Lucas Foglia grew up with his extended family on a small farm in the suburbs of New York City. While malls and supermarkets developed around them, they heated their house with wood, farmed and canned their food, and bartered the plants they grew for everything from shoes to dental work. But while his family followed many of the principles of the back-to-the-land movement, by the time he was eighteen they owned three tractors, four cars, and five computers. This mixture of the modern world in their otherwise rustic life made him curious to see what a completely self-sufficient way of living might look like.
From 2006 through 2010, Foglia traveled throughout the southeastern United States befriending, photographing, and interviewing a network of people who left cities and suburbs to live off the grid. Motivated by environmental concerns, religious beliefs or the global economic recession, they chose to build their homes from local materials, obtain their water from nearby springs, and hunt, gather, or grow their own food.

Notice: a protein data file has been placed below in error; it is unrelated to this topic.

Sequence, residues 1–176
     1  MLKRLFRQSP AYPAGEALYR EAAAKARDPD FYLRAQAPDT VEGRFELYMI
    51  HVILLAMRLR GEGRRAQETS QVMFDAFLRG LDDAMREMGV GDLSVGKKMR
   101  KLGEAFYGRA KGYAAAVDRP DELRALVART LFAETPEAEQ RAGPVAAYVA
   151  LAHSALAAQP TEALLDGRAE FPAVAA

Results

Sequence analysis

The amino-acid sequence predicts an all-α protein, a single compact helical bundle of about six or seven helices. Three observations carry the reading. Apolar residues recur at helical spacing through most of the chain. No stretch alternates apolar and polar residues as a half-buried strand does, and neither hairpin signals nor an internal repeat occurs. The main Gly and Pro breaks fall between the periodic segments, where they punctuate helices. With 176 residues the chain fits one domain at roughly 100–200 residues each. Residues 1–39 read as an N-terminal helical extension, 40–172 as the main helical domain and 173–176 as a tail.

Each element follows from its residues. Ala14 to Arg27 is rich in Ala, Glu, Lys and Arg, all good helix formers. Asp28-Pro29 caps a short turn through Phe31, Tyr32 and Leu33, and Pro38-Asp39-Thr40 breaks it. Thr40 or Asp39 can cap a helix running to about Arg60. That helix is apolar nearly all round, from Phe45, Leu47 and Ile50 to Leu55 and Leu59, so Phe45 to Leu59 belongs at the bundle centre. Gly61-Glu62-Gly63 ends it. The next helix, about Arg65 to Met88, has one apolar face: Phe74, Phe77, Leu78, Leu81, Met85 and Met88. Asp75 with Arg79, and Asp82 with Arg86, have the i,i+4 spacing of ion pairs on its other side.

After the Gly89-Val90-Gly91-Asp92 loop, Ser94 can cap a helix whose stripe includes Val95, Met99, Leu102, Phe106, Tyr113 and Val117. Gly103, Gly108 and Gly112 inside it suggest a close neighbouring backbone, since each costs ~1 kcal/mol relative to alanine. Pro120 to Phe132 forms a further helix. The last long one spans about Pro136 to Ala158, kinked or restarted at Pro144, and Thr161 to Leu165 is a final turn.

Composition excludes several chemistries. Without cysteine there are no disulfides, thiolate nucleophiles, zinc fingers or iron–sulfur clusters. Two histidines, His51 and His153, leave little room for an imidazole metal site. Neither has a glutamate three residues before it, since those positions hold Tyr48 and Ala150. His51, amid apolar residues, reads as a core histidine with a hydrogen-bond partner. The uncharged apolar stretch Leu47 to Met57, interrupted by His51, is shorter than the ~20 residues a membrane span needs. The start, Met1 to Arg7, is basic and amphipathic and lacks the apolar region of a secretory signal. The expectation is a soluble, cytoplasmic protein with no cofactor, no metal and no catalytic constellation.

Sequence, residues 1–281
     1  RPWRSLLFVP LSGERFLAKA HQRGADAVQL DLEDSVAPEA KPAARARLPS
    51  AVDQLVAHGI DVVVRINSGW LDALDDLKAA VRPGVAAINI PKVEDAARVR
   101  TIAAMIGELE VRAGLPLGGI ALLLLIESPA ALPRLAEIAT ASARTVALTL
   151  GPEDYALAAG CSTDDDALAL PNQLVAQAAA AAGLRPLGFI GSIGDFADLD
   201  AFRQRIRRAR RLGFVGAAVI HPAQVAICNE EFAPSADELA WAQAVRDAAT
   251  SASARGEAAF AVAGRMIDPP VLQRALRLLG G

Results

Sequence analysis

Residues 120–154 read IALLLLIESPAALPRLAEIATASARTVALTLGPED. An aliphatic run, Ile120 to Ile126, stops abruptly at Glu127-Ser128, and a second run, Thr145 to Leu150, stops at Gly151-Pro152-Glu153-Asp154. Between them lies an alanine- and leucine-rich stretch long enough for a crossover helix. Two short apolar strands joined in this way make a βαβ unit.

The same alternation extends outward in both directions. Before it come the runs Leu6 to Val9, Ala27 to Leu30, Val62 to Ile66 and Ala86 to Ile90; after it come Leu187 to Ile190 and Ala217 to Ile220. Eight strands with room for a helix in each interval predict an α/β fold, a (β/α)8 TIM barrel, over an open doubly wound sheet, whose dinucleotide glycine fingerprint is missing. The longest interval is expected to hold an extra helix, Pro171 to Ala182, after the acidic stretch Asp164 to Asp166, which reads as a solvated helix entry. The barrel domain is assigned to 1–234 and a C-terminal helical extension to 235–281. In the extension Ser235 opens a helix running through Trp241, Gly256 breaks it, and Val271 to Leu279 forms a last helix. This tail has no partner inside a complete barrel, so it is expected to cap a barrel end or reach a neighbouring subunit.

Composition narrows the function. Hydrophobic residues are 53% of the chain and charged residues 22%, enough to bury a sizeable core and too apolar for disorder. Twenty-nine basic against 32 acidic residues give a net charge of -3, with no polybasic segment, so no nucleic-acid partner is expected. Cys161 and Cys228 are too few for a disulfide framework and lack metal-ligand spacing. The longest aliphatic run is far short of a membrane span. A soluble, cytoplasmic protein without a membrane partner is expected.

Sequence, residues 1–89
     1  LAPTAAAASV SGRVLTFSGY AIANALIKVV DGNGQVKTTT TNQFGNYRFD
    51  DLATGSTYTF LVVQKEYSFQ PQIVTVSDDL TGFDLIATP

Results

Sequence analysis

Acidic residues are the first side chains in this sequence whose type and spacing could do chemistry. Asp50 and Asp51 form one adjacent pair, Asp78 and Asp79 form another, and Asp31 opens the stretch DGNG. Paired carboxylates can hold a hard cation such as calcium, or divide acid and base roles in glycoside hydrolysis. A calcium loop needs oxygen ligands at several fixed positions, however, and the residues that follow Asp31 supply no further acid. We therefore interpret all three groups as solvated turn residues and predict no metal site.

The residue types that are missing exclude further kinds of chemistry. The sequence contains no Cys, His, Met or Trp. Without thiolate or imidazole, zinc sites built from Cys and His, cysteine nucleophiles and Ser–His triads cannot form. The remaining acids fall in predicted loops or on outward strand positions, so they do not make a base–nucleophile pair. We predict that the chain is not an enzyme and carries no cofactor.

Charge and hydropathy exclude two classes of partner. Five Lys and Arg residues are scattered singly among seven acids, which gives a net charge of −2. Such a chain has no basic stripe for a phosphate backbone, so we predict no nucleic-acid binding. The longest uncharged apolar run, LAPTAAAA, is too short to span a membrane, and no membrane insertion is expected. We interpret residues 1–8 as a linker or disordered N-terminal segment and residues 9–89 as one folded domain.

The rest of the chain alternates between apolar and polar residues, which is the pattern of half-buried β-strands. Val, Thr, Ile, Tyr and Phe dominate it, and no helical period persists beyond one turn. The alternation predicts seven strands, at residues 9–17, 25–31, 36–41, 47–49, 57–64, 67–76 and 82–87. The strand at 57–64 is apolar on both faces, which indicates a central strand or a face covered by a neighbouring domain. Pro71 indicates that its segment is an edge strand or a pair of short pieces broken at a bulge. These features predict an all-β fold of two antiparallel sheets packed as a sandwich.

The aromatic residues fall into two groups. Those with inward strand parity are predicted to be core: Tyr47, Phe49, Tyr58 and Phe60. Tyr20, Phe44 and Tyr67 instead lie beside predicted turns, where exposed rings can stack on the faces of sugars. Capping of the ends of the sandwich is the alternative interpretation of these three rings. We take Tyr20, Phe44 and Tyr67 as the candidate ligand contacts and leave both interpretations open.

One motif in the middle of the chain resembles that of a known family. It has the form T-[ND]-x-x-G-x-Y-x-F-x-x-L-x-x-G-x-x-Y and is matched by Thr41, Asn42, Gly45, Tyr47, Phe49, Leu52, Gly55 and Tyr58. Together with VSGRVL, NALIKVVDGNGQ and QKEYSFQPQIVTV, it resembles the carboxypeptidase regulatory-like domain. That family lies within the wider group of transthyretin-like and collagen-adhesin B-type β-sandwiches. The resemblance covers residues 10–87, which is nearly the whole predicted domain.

All the people in Foglia’s photographs are working to maintain a self-sufficient lifestyle, but no one he found lives in complete isolation from the mainstream. Many have websites that they update using laptop computers, and cell phones that they charge on car batteries or solar panels. They do not wholly reject the modern world. Instead, they step away from it and choose the parts that they want to bring with them.